“Frankly, I have a lot of respect and trust for Alan’s judgment,” he says. “The whole idea here is, we’re going to fund him, we’re going to support him, and we’ll share the value created with Boston Beer and Alan and Stacey. There’s going to be some really cool things that will come out of it.”
Ben & Jerry’s cofounder Ben Cohen is a longtime friend of Newman’s and wrote the forward to his new book. Cohen calls Newman “a great guerrilla marketer” who built such a strong brand with Magic Hat that Cohen himself made a small investment in the company. If anything, Cohen says, Newman’s weak spot is “the financing and control part of the business,” as evidenced by his forced ousters from Magic Hat and Seventh Generation (see sidebar). For that reason, Cohen predicts the Sam Adams gig will be a “perfect fit” for Newman.
“Alan is a promoter, and he is really, really good at it,” Cohen says. “I don’t know if his strength is really running the day-to-day aspects.”
With the new job, Cohen notes, Newman gets to “find cool businesses that have potential and to use his marketing skills to build on it. And then he has all the support of Sam Adams to do all the operational aspects of the company.”
Newman’s gift for brand building was evident at the furniture stores where he and Steinmetz shopped last week for desks, swivel chairs and a conference table for Alchemy & Science’s new office: At the W.B. Mason warehouse in South Burlington, a table held a random display of Seventh Generation cleaning products, such as dishwashing detergent and shower cleaner. At Myers New & Used Furniture in the Old North End of Burlington, a mini-fridge for sale was plastered with beer and skiing stickers, including a big, silver Magic Hat decal.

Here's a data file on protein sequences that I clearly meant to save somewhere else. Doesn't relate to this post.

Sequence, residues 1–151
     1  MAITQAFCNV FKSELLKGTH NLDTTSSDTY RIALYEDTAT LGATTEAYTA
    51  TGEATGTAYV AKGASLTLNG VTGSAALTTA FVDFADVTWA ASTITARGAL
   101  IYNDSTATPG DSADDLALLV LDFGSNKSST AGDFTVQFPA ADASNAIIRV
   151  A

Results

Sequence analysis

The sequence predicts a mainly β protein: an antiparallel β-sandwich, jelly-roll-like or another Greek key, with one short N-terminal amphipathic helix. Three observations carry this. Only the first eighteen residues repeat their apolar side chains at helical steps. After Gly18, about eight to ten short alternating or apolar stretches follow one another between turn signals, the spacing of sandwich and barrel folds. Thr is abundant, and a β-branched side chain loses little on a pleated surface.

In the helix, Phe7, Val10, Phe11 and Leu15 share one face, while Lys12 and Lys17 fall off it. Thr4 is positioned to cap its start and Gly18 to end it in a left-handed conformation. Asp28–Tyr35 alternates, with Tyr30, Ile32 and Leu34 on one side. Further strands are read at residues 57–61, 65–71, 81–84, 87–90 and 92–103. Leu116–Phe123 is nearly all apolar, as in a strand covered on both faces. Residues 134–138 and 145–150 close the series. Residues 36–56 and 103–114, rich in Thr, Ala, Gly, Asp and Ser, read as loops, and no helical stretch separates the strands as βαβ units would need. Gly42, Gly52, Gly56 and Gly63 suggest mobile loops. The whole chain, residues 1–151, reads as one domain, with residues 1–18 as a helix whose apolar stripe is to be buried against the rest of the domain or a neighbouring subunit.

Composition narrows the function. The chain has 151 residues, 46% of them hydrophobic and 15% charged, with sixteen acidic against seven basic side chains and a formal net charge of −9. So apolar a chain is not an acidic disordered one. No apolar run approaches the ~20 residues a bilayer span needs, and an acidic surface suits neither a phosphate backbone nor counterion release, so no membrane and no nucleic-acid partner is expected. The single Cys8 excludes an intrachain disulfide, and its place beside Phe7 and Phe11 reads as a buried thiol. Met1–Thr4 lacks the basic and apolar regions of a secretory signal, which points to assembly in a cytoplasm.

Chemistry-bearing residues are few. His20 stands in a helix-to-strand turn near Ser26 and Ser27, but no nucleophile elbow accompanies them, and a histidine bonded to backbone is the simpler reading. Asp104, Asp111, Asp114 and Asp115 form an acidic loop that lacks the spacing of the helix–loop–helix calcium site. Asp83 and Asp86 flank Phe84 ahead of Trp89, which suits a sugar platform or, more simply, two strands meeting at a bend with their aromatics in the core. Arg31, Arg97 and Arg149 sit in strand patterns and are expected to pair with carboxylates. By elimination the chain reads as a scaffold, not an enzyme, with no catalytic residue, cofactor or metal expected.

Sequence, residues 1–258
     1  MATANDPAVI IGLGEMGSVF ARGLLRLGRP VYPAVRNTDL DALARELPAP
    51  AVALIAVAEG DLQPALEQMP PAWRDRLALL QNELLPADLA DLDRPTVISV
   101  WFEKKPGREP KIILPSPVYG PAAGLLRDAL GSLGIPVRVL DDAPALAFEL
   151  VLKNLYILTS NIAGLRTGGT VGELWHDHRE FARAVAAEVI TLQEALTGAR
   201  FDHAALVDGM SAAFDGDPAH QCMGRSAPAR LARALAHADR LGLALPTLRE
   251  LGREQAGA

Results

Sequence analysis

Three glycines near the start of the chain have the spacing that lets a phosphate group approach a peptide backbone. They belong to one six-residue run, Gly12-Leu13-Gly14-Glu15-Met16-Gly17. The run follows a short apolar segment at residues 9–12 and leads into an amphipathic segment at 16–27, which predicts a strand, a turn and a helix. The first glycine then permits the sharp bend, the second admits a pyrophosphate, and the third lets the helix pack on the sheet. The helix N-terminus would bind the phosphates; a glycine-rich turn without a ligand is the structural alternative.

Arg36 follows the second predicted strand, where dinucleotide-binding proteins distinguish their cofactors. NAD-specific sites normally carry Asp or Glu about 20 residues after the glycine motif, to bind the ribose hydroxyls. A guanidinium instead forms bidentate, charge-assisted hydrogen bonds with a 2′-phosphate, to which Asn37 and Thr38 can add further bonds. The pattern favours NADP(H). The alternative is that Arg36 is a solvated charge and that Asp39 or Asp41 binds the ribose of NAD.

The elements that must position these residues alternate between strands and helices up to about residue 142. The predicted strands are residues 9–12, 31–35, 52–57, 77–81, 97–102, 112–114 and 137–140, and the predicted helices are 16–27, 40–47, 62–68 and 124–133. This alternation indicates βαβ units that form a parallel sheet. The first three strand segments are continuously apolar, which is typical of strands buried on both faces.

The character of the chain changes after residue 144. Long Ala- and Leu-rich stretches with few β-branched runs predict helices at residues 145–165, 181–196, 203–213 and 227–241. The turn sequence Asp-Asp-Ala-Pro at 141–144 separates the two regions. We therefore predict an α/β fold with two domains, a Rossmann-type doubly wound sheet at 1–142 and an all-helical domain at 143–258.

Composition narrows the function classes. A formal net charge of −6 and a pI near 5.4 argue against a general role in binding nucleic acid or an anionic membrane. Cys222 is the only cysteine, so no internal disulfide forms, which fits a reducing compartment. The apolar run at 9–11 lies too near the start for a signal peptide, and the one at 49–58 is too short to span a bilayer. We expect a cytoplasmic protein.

As brands go, Samuel Adams is the 800-pound gorilla of the craft-beer world — double the size of the next-biggest brewery. Newman believes that “nobody does it better” than Sam Adams, but says the new brands he creates will remain small and independent by design.
“Independence sells. Different sells,” Newman says. “Everything we do will have its own story.”
Still, he anticipates the affiliation with Sam Adams will create some “perception issues… which I’m really bad at, because my basic attitude is Well, fuck off, then!” Newman says. “I’m really not good with people who objected to Magic Hat because we were too big or because #9 was too drinkable. Drink something else, but don’t put us down because we’re bringing more drinkers into the craft category.”
Maintaining the craft category itself presents another challenge. With more drinkers looking for craft beers, more breweries are getting into the craft-beer game — and some of the behemoths are creating what Newman calls “faux crafts,” such as Coors’ Blue Moon and Anheuser-Busch’s Shock Top. Then there are the craft-like concoctions, such as Budweiser Chelada, with Clamato.
“Did you ever expect to see a beer/tomato juice/clam product from Budweiser, the King of Beers?” Newman writes in his book. “Are they looking to be the King of Clams, too?”
Accordingly, there’s growing confusion about what a “craft” beer is. All that, writes Newman, spells “challenging times for the craft beer business ahead.”
Newman has five years under his contract to redefine craft brewing and create hit beers for the Boston Beer Company. At that point, he’ll be 70 — and, he warns, “We don’t know what I’m going to be like at age 70.”
Even if he retires for real, Newman won’t live out his days swinging golf clubs in Boca Raton. “I think of this as my last act,” Newman says thoughtfully, “but then, I thought Magic Hat was, too.”